It's always taken for granted that the real number line is perpendicular to multiples of $i$, but why is that? Why isn't $i$ just at some non-90 degree angle to the real number line? Could someone please explain the logic or rationale behind this? It seems self-apparent to me, but I cannot actually see why it is.

Furthermore, why is the real number line even straight? Why does it not bend or curve? I suppose arbitrarily it might be strange to bend it, but why couldn't it bend at 0? Is there a proof showing why?

Of course, these things seem natural to me and make sense, but why does the complex plane have its shape? Is there a detailed proof showing precisely why, or is it just an arbitrary choice some person made many years ago that we choose to accept because it makes sense to us?

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    $\begingroup$ The way we happen to plot real and complex numbers is due to convenience. If you want to plot real numbers on a wiggly line go ahead. For instance, there's a 1-1 correspondence between the points on a sine curve and the real numbers. So it shouldn't make any difference if you, for some reason, decided to plot the real numbers there. $\endgroup$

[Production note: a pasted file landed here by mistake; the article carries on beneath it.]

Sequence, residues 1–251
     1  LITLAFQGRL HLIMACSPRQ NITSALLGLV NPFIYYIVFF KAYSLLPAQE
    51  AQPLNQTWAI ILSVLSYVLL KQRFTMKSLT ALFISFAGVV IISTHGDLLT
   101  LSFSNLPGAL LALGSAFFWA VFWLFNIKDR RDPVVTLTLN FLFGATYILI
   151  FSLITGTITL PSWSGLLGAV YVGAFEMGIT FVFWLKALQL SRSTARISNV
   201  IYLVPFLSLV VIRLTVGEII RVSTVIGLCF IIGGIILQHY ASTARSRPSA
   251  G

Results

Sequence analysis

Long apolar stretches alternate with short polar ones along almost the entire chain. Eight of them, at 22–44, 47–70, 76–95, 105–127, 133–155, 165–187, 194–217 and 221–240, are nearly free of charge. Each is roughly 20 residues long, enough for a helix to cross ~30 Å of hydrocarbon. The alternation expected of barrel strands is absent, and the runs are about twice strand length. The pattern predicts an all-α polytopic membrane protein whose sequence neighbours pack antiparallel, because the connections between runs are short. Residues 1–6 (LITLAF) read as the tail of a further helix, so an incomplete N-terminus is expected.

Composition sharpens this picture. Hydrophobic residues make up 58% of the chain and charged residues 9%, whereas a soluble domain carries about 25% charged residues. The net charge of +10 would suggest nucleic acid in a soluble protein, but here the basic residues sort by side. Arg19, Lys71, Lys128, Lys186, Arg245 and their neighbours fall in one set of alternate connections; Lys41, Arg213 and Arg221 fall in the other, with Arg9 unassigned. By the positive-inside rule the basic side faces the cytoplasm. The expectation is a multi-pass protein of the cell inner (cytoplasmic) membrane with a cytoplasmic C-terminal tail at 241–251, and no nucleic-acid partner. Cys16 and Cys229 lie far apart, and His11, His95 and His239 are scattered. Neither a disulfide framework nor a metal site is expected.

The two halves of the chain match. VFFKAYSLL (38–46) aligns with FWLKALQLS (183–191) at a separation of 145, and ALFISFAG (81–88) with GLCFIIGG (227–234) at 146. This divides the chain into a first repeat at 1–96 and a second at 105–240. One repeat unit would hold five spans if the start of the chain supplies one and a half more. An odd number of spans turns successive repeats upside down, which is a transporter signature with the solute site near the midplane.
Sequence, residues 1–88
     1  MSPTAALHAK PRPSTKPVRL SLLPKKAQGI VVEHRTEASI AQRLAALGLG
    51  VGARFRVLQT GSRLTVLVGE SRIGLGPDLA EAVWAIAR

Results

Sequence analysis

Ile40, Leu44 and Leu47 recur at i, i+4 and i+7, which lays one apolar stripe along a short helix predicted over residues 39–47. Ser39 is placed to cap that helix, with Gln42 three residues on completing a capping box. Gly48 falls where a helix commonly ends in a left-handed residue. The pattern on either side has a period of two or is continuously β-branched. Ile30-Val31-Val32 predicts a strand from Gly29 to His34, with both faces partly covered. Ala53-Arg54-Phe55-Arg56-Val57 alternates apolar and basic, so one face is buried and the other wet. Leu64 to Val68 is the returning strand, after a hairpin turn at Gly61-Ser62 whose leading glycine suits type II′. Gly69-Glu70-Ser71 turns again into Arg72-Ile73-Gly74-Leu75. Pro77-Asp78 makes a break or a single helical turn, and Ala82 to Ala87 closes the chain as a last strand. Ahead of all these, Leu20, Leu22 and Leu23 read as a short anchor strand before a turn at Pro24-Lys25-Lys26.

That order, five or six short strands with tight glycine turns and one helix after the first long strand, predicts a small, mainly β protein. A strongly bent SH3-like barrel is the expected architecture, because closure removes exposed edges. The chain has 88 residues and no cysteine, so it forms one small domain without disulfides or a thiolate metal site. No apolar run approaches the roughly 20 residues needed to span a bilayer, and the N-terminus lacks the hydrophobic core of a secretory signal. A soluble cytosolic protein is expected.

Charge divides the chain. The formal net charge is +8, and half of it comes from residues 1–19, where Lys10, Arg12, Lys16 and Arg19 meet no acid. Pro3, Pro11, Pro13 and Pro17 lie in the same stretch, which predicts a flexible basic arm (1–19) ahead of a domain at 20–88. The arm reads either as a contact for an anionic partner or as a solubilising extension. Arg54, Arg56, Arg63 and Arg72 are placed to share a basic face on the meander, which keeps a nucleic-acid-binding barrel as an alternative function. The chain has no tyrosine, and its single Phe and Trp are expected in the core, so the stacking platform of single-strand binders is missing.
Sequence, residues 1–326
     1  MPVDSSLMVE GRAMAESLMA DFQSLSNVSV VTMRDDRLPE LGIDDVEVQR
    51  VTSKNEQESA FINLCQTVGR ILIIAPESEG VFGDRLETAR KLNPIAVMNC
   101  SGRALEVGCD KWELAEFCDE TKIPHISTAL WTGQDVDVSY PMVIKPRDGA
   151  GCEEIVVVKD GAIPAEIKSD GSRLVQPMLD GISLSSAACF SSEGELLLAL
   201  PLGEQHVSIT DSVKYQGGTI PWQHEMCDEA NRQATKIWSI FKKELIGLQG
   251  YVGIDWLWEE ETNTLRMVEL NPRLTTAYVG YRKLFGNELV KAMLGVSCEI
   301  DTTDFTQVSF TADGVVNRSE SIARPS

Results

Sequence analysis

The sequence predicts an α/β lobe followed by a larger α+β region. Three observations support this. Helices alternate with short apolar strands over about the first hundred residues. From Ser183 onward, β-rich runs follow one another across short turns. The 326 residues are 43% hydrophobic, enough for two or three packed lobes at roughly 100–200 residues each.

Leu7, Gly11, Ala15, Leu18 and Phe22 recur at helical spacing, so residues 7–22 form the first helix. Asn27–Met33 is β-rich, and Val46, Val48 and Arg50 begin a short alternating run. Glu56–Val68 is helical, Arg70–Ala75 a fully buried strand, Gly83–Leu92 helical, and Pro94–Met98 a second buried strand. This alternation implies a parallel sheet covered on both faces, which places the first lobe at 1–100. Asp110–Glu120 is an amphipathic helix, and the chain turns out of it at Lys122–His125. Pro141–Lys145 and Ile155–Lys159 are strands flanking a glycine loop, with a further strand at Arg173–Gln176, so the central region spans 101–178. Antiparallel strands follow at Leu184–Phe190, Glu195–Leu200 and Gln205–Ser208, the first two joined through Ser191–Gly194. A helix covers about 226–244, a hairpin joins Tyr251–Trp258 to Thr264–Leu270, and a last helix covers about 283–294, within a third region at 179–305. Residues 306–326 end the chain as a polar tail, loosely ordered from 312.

– user137731
    Commented Jun 28, 2016 at 20:56
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    $\begingroup$ If you interpret multiplication by a complex number geometrically, multiplication of a complex number $v$ by $i$ is equivalent to rotating $v$ by $90^\circ$ counter-clockwise. Before even knowing that it should be $90^\circ$, we know that the rotation should be the same going from $1$ to $1\cdot i$ as it should be from $i$ to $i\cdot i$. Since $i^2=-1$, it makes sense that it should be $90^\circ$ rotation. $\endgroup$
    – JMoravitz
    Commented Jun 28, 2016 at 20:57
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    $\begingroup$ You can bend and twist the complex plane (or already the real line) as much as you like. However, in that case the arithmetic operations of addition and multiplication do not correspond to simple geometric transformations any more. If you can live without that, fine. After all, the real line/the complex plane is only a model for and not identical to the field of real/complex numbers $\endgroup$ Commented Jun 28, 2016 at 20:58
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    $\begingroup$ I wouldn't say "arbitrary". I'd prefer "convenient". $\endgroup$
    – user137731
    Commented Jun 28, 2016 at 21:01